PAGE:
Cop fails to overturn ‘botched’ murder findings

A QUEENSLAND cop has lost a bid to overturn coronial findings that accused him of running a botched murder investigation and referred him to the Police Commissioner.

In Coroner John Hutton's last decision before he retired in November 2017, he made explosive recommendations about the hit-and-run death of Hong Kong tourist Shui Ki Chan on the Warrego Highway in 2012.

Gatton woman Joanne McAuley has been charged with murder over the hit-and-run death of Hong Kong tourist Shui Ki Chan. Picture: Supplied
Gatton woman Joanne McAuley has been charged with murder over the hit-and-run death of Hong Kong tourist Shui Ki Chan. Picture: Supplied

Mr Hutton found it likely that ice addict Joanne McCauley deliberately ran over the 25-year-old and left him for dead in a ditch, where he suffered hypothermia and died on a cold winter evening almost eight years ago.

During the inquest, McCauley denied she had any involvement in Chan's death.

He recommended murder charges be laid and made damning comments that police showed no urgency in laying a murder charge against the woman.

Mr Hutton then referred lead investigator, Gatton Detective Senior Constable David Neumann, to the Police Commissioner saying his investigation had been entirely inadequate - including a failure to collect additional documents requested by the coroner.

Mr Hutton also recommended QPS consider whether any disciplinary action should be taken against the officer for the botched investigation.

"The assistance provided to me by Detective Senior Constable Neumann, during my coronial investigation, was inadequate," Mr Hutton also said when handing down his findings.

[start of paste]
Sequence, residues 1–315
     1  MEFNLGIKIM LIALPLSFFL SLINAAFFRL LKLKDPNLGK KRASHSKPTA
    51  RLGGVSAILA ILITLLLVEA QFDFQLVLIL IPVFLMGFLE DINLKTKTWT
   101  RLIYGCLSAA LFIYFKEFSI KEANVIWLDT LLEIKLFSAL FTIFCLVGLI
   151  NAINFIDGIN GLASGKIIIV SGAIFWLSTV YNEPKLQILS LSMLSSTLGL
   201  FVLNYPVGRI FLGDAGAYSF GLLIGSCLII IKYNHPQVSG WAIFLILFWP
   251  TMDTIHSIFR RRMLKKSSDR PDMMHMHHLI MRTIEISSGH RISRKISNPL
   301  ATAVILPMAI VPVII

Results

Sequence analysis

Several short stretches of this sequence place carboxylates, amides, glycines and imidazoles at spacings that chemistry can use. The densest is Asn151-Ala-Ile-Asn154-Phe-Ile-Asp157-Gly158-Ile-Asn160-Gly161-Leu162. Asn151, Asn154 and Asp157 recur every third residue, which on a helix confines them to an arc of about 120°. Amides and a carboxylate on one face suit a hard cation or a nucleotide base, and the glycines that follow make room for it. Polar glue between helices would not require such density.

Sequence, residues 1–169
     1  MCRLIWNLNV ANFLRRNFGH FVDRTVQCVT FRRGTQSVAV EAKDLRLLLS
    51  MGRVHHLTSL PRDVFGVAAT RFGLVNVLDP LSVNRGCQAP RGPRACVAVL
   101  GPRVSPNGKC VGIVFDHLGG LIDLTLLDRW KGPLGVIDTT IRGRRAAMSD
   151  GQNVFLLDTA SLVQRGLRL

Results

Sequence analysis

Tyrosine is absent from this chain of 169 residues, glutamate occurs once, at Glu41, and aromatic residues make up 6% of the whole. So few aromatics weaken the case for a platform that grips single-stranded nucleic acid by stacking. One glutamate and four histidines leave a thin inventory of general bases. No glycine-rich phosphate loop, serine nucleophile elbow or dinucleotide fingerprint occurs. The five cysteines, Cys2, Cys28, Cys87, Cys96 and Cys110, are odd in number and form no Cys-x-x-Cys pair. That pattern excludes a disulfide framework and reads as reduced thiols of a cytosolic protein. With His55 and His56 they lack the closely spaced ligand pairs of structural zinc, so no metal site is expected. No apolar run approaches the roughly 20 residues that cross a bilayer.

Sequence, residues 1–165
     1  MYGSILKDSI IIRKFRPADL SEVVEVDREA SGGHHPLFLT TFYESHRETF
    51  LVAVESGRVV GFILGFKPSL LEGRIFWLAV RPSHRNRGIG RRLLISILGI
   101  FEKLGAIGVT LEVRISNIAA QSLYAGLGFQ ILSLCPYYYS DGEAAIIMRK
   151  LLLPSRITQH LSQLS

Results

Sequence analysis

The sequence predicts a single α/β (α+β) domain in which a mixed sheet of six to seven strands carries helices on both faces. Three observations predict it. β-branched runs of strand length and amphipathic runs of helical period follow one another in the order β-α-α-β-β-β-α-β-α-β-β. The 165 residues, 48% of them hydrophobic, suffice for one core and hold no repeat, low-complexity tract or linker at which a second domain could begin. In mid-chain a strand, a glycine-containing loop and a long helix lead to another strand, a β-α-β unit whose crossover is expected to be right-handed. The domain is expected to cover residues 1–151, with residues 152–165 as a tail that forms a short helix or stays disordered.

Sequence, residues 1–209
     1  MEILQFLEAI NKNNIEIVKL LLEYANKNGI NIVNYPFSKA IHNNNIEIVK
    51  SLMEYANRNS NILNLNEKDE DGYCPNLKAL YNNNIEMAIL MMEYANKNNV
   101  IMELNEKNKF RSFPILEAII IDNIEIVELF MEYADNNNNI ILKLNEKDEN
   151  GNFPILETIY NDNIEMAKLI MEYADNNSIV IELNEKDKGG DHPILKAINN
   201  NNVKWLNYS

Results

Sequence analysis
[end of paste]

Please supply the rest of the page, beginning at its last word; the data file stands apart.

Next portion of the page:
Constable Neumann later launched legal action in the Queensland Supreme Court against Mr Hutton, claiming the comments were a breach of "natural justice".

Joanne McCauley outside court in 2016.
Joanne McCauley outside court in 2016.

He also asked the court to find the referral to the QPS disciplinary unit was outside of the scope of the then-coroner's power.

But in a decision handed down this week, the court found the police officer's claim had no merit and the application was dismissed.

Mr Neumann had argued the comments were a breach of the rules of natural justice for several reasons including the fact counsel assisting the coroner did not identify the officer's conduct as an issue to be considered in the inquest.

The court found, Mr Neumann could have made submissions to the court about his conduct.

He did not give evidence in the inquest because he was unwell, but the Brisbane Supreme Court heard he made no attempt to have the inquest reopened so he could.

The judgment also said the referral to the Police Commissioner was for "consideration" not prosecution.

"It was not an expression of a view that Mr Neumann was liable to anyone for anything only that his conduct was to be referred for further consideration by the Police Commissioner," Justice Glenn Martin found.

Neumann was on Thursday ordered to pay 60 per cent of the Attorney-General's costs, who intervened in the matter on behalf of Mr Hutton.

McCauley was in June 2018 charged with murder. She has not entered a plea.


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